The Ansar Dine group, created in 2012 by Tuaregs led by a former hostage negotiator in the region.

        Ansaru, an offshoot of the Boko Haram organization in Nigeria, dedicated to targeting Western targets.

Increased regional strategic & operational cooperation

This trend has also led to increased strategic and operational cooperation between terrorist groups in the region, and to changes in the tactics and modus operandi of several groups

A major example is provided by the case of the Nigerian Boko-Haram organization. Since its inception in 2002, the group focused its operations on Nigeria. The group was mainly financed by external funds from Islamic charities based in the UK and Saudi Arabia. In addition, Boko Haram extensively relied on extortion inside Nigeria.

With the decrease of the external sources of funds, due to international investigations, Boko Haram moved closer to its ally and cooperation with AQIM began in 2010, the later providing military training and funds to the group. Then in 2012, the group publicly supported AQIM against the French intervention in Northern Mali and later Boko-Haram combatants joined the war in Mali in 2013.

By then, the group had already adopted AQIM methods and objectives. In January 2012, the group kidnapped a German contractor in Nigeria, but it was AQIM that publicized and claimed responsibility for the abduction in March 2012. The hostage was later killed during a failed assault by the Nigerian forces.

Then in 2013, during the French intervention in Northern Mali, Boko Haram called for retaliations against French citizens and interests in the region. In less than a year, the group and its offshoot Ansaru have captured 16 Westerners, including 9 French citizens, 8 of them in Cameroun, outside of their original area of operation.

Public dissent doesn’t mean absence of cooperation, as illustrated by the kidnapping, only days ago, of a French priest in Northern Cameroun by both Boko Haram and Ansaru.

Another example of this extensive regional cooperation was provided by the hostage taking operation at the In Amenas gas facility. This action was also the result of a co-production between the newly formed Belmokhtar brigade, members of an Algerian Islamist group called the “Sons of the Sahara for Islamic Justice” and Libyan operatives.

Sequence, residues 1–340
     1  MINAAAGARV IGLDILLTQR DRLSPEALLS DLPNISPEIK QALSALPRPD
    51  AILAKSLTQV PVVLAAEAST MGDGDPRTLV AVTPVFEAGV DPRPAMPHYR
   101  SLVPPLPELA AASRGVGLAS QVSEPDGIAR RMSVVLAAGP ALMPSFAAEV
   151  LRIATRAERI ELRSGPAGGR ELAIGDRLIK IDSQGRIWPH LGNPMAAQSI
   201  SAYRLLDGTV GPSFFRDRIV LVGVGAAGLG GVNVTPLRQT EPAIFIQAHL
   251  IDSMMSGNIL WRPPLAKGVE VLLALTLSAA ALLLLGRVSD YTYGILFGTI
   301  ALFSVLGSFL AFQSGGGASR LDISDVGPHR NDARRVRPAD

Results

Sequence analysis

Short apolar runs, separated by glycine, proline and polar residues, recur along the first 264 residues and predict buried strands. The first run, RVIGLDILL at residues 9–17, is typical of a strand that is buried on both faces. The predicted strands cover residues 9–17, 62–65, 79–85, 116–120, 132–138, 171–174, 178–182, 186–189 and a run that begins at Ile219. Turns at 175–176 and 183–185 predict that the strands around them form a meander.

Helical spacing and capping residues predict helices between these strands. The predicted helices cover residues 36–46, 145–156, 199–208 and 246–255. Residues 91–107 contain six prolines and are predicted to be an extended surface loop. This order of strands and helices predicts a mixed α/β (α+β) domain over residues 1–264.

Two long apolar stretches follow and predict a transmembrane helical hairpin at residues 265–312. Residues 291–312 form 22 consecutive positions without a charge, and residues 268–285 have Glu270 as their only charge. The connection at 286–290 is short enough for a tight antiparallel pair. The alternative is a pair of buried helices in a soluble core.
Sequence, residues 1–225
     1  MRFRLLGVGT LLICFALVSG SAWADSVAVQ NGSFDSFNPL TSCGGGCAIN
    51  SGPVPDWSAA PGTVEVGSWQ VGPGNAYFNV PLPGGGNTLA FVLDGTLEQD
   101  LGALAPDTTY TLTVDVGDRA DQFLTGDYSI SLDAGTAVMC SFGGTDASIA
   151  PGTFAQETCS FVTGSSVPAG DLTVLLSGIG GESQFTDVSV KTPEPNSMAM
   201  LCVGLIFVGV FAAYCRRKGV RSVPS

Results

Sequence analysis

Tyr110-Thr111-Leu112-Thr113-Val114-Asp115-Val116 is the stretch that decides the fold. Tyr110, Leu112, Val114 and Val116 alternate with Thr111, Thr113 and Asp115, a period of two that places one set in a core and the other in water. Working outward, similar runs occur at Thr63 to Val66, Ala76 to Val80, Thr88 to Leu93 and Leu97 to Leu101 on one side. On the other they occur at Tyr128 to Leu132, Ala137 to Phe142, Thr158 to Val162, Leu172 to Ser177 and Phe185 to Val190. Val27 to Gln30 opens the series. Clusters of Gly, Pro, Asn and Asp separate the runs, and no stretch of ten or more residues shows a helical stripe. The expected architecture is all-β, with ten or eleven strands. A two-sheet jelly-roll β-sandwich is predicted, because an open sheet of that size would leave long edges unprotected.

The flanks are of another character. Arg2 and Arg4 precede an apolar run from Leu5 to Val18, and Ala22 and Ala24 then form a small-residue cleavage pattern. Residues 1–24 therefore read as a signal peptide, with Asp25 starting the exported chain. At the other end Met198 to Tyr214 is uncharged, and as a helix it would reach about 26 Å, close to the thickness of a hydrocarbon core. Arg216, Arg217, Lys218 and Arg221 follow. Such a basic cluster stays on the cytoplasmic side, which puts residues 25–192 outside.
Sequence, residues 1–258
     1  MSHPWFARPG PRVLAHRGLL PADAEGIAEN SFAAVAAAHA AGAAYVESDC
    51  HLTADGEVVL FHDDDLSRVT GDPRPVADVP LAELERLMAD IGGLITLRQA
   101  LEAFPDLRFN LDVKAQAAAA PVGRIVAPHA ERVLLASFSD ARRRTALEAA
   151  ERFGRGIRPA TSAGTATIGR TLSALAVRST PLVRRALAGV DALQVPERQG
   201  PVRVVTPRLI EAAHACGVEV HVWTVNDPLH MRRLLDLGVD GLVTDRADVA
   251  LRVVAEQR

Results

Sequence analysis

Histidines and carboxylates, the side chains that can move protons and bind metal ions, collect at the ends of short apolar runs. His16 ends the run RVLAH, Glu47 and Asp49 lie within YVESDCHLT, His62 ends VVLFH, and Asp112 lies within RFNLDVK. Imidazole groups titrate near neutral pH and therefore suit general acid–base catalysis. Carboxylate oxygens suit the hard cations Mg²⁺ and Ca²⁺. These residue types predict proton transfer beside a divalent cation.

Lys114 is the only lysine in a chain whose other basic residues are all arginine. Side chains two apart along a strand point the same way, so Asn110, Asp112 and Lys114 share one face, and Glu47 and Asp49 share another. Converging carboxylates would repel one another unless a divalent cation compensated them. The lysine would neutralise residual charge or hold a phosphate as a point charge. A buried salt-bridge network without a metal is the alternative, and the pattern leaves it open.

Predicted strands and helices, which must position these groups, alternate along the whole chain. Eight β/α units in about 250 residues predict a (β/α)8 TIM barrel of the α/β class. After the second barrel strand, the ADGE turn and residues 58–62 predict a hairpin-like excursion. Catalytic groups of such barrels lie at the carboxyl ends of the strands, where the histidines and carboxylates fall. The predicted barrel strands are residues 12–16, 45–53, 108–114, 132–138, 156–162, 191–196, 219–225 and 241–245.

Finally, signs of increased operational cooperation have emerged between Libyan jihadists of Ansar Al Sharia, and AQIM, including the provision of arms suspected to be part of the former Qaddafi arsenal.

The K&R business is not the only factor explaining the current reshuffling of the jihadist map in the region (other factors include the Libyan regime fallout, and the French-African offensive in Northern Mali) but it certainly contribute to accelerate these evolutions.

The International Response to K&R in North Africa

This new terror business not only provides terrorist groups with the ability to acquire sophisticated weapons, logistics and recruitment tools in a way that raises a major international security concern, it also fundamentally questions our ability to fight terrorism financing if hostage-countries agree to pay ransoms to terrorist groups or to meet their combined requests for the release of terrorist detainees in exchange for the release of hostages. In 5 years, no less than 20 detainees of these groups have been released as part of such transactions.

Until now, the international community has only provided a limited response to this growing and pressing challenge to its legal framework.

In December 2009, the UN Security Council adopted Resolution 1904 (2009) confirming that the ban on funds, financial assets and economic resources fully applies to the payment of ransoms to individuals, groups, undertaking or entities on the sanctions list. But, while the payment of ransoms now falls under the general prohibition of terrorism financing, no specific measure or sanction has been implemented since then to deter that practice.